Capital Accumulation Plans

Capital Accumulation Plans: Advantages and Definitions

Capital accumulation plans are a popular investment option for businesses and their employees. Most commonly offered by companies as an additional employee benefit, these versatile plans allow employees to avoid initial tax liability while saving for retirement, a new home, or educational goals. Employers also utilize capital accumulation methods in order to provide profit sharing options for senior staff members. Because these investments are made pre-tax, they provide significant tax benefits for highly-paid employees, allowing a portion of income to remain tax-deferred until payout.

Capital accumulation definition

One capital accumulation definition refers to the reinvestment of profits and dividends into a company’s ongoing projects. Capital accumulation theory posits that companies that reinvest in this manner promote their future corporate health, ensuring larger dividends for shareholders in the future. By deferring profits at the present time, capital accumulation allows companies to reap larger rewards at a future date.

For investment purposes, the accepted capital accumulation definition refers to a tax-deferred investment or savings method that includes more than one option for its participants. It is similar to the previous definition in that it defers payout, in this case of salary, to ensure a larger benefit in the future. Defined-contribution pension plans, group retirement savings plans, and education savings plans all fall under the loose umbrella heading of capital accumulation plans. These investment options are generally offered by employers, trade organizations, or professional associations as a benefit for their employees or members. The ability of members to select between investment options is a defining characteristic of capital accumulation plans.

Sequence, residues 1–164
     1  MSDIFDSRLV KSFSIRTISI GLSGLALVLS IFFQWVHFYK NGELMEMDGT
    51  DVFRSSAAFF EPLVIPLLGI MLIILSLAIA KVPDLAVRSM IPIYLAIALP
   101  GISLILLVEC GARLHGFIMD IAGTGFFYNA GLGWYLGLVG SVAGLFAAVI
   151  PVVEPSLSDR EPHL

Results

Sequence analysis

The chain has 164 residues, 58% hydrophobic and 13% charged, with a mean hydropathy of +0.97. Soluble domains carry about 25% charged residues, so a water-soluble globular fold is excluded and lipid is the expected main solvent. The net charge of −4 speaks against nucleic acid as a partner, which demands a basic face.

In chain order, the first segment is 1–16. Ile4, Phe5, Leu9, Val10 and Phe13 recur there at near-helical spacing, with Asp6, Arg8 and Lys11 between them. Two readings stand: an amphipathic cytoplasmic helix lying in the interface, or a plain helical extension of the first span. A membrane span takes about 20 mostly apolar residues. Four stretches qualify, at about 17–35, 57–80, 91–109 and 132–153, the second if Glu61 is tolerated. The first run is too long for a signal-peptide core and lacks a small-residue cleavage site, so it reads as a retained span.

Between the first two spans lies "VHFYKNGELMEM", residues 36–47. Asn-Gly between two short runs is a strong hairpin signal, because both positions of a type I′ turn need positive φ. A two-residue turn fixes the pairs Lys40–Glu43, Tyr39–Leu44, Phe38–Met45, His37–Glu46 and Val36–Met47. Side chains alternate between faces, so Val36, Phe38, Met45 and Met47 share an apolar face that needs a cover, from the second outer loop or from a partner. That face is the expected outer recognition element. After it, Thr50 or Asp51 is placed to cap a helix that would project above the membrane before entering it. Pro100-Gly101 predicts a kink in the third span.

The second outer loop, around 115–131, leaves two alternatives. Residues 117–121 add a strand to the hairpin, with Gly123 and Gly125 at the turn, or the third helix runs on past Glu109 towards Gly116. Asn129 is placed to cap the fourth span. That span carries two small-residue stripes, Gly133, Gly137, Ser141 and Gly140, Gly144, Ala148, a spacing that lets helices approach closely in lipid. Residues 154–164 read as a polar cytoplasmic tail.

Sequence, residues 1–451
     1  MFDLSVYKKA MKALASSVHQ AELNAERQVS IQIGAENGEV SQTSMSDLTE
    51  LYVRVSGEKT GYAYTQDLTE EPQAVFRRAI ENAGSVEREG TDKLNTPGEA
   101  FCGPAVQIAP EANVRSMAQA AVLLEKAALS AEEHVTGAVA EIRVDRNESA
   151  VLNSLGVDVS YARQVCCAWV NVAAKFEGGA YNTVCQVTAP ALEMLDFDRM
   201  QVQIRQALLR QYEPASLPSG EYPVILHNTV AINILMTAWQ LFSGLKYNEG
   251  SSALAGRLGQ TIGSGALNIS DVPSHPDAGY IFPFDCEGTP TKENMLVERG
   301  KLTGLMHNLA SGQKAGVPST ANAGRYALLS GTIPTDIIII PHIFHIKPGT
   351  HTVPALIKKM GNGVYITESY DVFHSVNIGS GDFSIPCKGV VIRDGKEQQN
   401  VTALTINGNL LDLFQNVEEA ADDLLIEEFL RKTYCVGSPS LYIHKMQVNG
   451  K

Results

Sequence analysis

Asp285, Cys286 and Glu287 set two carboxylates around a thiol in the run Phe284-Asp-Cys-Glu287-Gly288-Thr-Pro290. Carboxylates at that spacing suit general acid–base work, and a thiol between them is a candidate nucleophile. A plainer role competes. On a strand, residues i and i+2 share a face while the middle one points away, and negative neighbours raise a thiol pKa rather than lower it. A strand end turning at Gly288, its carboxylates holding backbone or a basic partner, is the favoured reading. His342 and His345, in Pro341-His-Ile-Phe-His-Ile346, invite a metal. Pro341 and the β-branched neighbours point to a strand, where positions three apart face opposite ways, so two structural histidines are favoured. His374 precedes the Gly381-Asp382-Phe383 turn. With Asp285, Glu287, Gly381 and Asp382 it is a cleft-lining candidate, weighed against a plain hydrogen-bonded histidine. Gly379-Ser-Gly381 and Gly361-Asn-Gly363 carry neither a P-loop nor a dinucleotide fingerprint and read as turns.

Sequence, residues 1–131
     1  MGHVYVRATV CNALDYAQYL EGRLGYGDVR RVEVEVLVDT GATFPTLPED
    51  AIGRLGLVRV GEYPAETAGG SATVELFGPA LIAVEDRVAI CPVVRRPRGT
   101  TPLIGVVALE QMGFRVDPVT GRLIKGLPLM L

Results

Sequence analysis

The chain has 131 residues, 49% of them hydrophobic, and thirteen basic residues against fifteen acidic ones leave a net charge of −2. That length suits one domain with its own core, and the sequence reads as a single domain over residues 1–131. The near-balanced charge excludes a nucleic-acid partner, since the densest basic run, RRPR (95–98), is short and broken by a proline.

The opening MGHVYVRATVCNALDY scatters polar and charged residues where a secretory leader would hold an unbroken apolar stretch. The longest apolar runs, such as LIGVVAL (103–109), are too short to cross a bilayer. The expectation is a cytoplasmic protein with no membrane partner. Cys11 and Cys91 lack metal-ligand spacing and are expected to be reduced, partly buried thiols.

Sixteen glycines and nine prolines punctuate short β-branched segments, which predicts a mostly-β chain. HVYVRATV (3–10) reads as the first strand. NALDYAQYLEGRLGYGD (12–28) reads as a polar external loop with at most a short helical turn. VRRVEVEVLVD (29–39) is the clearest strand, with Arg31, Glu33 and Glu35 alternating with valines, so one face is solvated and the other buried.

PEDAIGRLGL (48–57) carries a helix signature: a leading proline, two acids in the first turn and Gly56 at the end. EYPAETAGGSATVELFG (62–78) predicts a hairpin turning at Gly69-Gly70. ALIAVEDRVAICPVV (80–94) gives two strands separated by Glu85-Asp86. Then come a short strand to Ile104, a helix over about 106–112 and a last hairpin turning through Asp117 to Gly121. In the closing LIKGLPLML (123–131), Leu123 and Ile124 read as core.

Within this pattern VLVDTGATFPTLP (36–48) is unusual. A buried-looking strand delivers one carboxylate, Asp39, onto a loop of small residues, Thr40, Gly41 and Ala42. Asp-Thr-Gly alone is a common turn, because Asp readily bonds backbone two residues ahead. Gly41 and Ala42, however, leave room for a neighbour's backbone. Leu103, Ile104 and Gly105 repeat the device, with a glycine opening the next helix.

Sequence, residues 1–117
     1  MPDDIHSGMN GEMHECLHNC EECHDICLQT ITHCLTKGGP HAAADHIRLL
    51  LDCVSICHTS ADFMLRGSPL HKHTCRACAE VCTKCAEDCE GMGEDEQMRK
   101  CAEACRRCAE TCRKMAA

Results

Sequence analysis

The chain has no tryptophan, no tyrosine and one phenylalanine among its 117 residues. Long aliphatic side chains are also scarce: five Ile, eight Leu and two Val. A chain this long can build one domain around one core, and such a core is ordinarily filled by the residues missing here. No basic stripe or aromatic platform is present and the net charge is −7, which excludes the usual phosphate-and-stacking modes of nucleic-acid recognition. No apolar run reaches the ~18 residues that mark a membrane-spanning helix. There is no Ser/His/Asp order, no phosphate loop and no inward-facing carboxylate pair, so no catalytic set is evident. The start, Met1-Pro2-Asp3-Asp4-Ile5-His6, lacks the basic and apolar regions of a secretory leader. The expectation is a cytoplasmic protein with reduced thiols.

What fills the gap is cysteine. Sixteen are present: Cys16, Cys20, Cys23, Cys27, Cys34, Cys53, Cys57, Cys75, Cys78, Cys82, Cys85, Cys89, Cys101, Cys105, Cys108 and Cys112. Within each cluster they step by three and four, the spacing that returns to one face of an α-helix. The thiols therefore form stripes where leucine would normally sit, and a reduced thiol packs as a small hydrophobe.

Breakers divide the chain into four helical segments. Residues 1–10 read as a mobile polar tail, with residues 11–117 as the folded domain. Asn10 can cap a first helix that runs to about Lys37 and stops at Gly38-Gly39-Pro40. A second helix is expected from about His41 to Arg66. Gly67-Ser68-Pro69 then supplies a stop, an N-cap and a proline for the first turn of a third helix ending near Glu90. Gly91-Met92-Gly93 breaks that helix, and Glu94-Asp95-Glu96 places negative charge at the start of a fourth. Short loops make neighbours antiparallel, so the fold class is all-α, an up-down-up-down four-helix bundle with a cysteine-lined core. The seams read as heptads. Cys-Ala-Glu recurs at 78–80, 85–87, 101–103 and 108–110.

Capital accumulation provision

Some companies offer a capital accumulation provision to their employees; essentially, this provides an employer-funded supplement to the existing capital accumulation plan. Usually intended as an additional retirement benefit, the amount paid is often a percentage of the employee’s overall salary. Profit sharing and stock compensations may comprise part or all of the employer’s contributions to the capital accumulation provision. Most companies restrict the sale, trade, or transfer of this stock compensation for a set term, and termination of employment before full vesting may cause the employee to relinquish his or her right to a portion of stock compensation or options.

Most common types of capital accumulation plans

While a wide variety of capital accumulation plans are available, the most common types are defined-contribution pension plans, group retirement savings plans, and education savings accounts.
  • Defined-contribution pension plans provide an individual account for each participant; funds are invested and gains or losses are posted to the individual account as they are accrued. Risks are assumed by the individual employee, rather than the employer or sponsor. These are the most common capital accumulation plans in the private sector.
  • Group retirement savings plans are similar to defined-contribution plans, but offer attractive group rates. Typically, individuals have more control over their own investments and more flexibility in how and when to withdraw their funds than with other types of capital accumulation plans.
  • As the name suggests, education savings plans are intended for educational expenses; typically, these plans pay for university education for the participant’s children, though the funds can also be used for personal education needs.
For employers, these plans represent an effective means of recruitment, allowing additional compensation for highly-skilled employees without subjecting them to onerous tax burdens. For employees, these plans offer flexible tax-deferred investments that can be used for educational expenses, retirement, or a number of other qualifying events. Greater control over investments and withdrawals make these versatile plans attractive for employers and employees alike.
Tim Ord
Ord Oracle

Tim Ord is a technical analyst and expert in the theories of chart analysis using price, volume, and a host of proprietary indicators as a guide...
Day Trading Simulator provides the ability to simulate day trading 24 hours a day from anywhere in the world. TradingSim provides tick by tick data for...

Send this article to a friend.

Enter multiple addresses on separate lines or separate them with commas.